Mark Boddy's Personal Homepage
My training is in Computer Science, with a specialization in Artificial Intelligence. Over the years, most of my work has been on adapting and extending techniques from a broad variety of areas for application to a range of problems, primarly in planning and scheduling domains. This work has drawn from and in some cases contributed to research in constraint satisfaction, heuristic search, mathematical optimization, classical planning and extensions thereto, temporal reasoning, multi-agent cooperative negotiation, resource-bounded reasoning, and a number of other areas.
In general, I am drawn to problems that involve the application of theoretical concepts to particular classes or structures of problems, rather than to either purely theoretical investigations or the detailed implementation of product-ready applications, though I have done both of those as well.
For a full Curriculum Vitae, including a complete list of publications, click here.
Here is a selection, intermittently updated, of current and recent projects:
- We are currently working on a DARPA Seedling on the topic of learning abstract features.
- SLATE (System-Level Autonomy Trust Enabler) is an ongoing project in compositional verification for complex autonomous systems.
- We had a role on Honeywell's Coordinators team, focussed primarily on the "Change Evaluation" and "Coordination" modules.
- We had a role on a project in NASA's Human and Robotics Technology program, primed by USRA, with the objective of providing robust, reconfigurable autonomous systems for manned space operations. Here is a brief description.
- "Closing the Loop on Net-Centric Defense" was a project in AFRL's CDOT program.
- BAMS, the "Behavioral Adversary Modeling System," is software we developed under ARDA's ACIT program. BAMS applies classical AI planning to vulnerability analysis for cyber defense. Here are the slides for a talk describing the system. This domain was used in the International Planning Competition at ICAPS-09.
- We generated an automation study for the Department of Energy, focussed on identifying opportunities to use automation to achieve energy and cost savings in the DOE's "Industries of the Future" (IOF).
- Under a grant from NASA, we produced a report surveying requirements, methods, and opportunities for using compilation methods to improve the implementation of autonomous systems for NASA missions.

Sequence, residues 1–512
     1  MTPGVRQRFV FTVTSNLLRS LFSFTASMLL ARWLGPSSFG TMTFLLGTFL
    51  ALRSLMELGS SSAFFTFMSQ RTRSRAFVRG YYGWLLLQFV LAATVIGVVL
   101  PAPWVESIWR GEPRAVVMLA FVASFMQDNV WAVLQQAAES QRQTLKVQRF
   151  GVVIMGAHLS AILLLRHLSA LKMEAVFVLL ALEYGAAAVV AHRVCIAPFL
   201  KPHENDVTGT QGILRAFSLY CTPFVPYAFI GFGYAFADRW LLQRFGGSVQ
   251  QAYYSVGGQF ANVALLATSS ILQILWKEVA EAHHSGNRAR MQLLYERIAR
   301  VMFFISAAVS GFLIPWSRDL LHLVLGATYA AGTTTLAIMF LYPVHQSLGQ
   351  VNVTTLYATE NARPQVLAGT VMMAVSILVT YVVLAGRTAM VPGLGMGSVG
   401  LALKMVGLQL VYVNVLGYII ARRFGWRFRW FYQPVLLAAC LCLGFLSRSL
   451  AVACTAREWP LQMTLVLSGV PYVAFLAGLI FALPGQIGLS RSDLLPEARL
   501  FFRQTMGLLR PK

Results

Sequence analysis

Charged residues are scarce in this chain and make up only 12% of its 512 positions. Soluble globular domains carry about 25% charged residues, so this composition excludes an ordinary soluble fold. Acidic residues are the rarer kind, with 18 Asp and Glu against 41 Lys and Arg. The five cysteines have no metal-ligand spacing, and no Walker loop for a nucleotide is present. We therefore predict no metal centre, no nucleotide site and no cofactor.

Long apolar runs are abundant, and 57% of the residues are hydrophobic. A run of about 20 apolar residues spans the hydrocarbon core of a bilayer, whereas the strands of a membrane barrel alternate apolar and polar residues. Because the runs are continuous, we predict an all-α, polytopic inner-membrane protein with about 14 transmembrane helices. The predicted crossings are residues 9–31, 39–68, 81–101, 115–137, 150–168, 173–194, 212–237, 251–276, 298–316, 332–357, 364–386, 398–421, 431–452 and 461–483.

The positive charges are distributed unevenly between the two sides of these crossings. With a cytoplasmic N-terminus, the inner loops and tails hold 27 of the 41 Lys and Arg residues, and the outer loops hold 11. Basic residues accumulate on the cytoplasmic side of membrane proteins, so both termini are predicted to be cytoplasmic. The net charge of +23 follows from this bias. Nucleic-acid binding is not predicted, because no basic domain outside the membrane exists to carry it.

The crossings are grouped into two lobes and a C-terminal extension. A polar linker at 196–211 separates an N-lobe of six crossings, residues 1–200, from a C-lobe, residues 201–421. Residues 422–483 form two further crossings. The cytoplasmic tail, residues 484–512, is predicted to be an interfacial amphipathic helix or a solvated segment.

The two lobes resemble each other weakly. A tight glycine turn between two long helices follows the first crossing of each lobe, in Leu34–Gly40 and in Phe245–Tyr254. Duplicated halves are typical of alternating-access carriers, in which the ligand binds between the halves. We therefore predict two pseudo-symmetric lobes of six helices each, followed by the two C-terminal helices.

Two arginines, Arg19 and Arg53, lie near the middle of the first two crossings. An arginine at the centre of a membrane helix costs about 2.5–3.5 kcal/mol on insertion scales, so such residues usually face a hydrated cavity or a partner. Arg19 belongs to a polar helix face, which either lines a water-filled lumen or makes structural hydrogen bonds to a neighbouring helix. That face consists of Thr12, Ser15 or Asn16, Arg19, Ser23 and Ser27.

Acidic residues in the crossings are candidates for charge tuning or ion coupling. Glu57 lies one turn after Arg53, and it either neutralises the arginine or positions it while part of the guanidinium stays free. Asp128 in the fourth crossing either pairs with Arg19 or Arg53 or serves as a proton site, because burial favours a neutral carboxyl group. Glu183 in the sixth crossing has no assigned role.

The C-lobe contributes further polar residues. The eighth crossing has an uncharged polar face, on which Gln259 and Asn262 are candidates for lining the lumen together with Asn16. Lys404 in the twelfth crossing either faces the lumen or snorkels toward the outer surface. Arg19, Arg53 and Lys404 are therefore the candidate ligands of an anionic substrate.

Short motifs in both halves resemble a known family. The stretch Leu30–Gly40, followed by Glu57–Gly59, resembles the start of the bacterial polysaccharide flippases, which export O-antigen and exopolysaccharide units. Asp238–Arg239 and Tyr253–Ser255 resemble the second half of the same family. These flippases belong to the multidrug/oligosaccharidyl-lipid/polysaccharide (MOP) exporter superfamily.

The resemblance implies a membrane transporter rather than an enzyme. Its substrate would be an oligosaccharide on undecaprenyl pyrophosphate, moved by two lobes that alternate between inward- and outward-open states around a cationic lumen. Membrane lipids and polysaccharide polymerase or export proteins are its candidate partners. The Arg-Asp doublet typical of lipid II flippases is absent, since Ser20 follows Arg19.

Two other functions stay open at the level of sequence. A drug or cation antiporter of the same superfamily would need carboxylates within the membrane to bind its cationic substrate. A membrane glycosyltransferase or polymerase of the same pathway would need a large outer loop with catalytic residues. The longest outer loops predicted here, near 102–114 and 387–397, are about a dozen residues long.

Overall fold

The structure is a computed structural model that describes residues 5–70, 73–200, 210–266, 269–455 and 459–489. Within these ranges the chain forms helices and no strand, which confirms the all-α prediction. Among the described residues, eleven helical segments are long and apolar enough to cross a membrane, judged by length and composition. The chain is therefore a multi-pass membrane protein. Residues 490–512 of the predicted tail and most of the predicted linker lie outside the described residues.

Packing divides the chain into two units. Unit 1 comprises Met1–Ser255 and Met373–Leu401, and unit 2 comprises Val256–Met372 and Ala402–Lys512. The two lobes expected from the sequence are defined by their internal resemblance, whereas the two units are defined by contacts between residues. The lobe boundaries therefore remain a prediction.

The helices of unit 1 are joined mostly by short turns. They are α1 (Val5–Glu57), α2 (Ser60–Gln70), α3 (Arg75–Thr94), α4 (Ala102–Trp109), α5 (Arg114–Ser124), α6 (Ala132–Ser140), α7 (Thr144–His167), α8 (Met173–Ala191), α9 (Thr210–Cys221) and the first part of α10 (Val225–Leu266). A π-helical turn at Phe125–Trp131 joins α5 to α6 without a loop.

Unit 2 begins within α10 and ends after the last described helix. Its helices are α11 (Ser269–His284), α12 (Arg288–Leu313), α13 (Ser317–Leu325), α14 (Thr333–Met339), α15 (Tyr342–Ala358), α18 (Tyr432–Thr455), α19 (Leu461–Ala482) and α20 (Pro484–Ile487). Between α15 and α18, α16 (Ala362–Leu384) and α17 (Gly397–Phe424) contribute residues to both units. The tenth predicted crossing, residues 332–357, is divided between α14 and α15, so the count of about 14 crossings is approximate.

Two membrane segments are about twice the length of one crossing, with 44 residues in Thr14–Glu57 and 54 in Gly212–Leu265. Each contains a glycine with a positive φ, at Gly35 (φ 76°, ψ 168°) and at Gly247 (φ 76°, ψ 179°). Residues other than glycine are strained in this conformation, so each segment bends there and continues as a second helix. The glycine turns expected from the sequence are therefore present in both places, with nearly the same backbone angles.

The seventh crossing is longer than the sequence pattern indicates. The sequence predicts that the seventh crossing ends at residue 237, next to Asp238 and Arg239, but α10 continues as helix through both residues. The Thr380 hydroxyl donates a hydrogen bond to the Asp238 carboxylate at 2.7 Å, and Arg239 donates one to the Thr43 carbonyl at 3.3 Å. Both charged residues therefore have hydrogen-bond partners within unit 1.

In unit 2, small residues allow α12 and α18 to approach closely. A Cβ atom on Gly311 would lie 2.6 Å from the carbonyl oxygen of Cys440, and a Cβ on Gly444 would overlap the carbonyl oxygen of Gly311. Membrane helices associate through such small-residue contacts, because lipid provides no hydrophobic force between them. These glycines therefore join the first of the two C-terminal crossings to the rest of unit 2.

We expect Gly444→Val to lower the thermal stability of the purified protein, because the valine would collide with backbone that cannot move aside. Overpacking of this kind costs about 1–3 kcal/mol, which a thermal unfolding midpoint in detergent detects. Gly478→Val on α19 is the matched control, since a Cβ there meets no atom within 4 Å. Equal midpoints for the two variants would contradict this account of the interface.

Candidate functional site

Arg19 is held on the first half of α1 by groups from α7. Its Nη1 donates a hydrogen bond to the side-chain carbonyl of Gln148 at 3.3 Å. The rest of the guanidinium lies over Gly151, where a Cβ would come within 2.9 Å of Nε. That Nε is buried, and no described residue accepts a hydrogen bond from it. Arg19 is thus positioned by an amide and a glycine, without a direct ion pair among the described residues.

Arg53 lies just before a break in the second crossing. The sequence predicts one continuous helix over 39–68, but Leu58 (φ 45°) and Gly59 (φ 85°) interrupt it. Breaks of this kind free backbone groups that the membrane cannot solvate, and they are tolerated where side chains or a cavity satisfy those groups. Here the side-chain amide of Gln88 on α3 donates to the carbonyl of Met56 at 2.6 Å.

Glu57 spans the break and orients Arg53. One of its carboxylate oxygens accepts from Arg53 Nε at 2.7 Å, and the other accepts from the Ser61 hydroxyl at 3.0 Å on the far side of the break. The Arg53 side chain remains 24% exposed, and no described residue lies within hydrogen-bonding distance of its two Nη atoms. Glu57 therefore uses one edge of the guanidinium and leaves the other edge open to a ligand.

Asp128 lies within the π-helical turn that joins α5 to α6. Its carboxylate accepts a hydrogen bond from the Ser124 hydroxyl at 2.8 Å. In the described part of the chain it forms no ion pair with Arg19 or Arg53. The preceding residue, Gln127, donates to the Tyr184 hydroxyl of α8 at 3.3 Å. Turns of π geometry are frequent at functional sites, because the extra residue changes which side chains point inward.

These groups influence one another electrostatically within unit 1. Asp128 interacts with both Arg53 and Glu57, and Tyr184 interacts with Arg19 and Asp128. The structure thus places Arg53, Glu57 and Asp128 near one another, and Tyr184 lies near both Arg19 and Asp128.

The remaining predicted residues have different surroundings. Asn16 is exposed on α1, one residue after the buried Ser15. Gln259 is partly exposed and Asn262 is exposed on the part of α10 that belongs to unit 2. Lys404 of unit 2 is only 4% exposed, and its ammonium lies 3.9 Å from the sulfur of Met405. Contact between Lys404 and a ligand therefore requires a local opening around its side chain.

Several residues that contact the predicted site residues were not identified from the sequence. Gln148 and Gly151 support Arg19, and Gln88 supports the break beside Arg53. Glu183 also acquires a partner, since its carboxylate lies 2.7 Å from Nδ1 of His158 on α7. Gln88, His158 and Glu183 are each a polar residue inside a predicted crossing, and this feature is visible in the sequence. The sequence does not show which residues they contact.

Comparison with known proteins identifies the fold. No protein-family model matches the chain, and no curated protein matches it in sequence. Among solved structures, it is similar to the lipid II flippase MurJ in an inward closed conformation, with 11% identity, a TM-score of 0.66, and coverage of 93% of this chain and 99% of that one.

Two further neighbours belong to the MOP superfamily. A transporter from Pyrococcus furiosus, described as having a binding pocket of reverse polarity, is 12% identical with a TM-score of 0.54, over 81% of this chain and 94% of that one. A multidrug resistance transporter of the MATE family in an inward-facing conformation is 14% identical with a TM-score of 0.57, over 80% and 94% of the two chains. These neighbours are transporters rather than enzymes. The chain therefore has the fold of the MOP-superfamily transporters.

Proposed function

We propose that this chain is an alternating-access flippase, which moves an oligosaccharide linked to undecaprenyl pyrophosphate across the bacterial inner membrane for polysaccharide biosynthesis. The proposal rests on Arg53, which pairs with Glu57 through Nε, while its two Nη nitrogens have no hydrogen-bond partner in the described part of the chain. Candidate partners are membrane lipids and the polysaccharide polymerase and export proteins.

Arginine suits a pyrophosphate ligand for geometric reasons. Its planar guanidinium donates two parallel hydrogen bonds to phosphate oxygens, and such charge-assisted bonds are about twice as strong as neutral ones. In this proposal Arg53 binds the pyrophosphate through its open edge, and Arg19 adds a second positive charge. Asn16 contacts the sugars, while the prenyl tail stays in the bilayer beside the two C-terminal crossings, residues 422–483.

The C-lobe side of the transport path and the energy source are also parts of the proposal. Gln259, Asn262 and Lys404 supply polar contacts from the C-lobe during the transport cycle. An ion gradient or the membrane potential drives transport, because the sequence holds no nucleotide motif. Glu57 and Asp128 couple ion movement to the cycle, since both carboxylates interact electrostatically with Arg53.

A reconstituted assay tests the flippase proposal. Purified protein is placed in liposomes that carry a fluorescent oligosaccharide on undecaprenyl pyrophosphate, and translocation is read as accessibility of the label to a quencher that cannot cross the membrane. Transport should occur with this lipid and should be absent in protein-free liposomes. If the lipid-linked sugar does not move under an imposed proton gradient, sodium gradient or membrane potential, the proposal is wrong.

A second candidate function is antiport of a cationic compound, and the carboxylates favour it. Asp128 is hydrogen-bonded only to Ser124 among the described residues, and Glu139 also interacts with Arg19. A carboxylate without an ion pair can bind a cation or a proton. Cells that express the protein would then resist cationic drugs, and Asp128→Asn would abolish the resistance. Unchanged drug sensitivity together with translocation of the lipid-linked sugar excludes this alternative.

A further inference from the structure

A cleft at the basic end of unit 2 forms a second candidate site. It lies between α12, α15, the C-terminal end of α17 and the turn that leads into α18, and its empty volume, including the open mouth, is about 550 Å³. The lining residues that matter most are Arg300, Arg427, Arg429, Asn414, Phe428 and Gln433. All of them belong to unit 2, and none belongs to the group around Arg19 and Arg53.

- Under a grant from NASA, we produced a report surveying NASA's requirements, current projects, and strategic directions in planning and scheduling.
I earned a Ph.D. from Brown University in early 1991, and promptly relocated from Rhode Island to Minnesota, where I have lived since. I moved here to take a job in the "Knowledge-Based Systems" section at what was then Honeywell's Systems and Research Center. There, I worked on a variety of research projects, both internally and externally funded, eventually reaching the rank of Research Fellow.
In that capacity, I led teams of up to a dozen engineers in solving technical problems and applying the results to Honeywell products, including the first-ever implementation of an effective scheduling system for an entire petroleum refinery. I was also involved in delivering an avionics processor and communications scheduling tool for the Boeing 777, which required solving a scheduling problem of a scale and complexity far beyond the current state of the art at that time. While at Honeywell, I won the H.W. Sweatt Award (Honeywell's highest engineering honor) in 2000.
In late 2002, I moved to Adventium Labs, which was then just starting up. Adventium Labs promised to be (and has turned out to be) an opportunity to build a new organization free of the constraints of working in a large corporation. We have the freedom to pursue a broader range of intellectual interests, working for a broader range of customers, both government and commercial. In addition, having new colleagues brings new opportunities to collaborate. Among the most fruitful of these interactions has been our investigations of the application of AI techniques to cyber security, for example in the BAMS project, in which we applied classical planning techniques to computer network vulnerability analysis.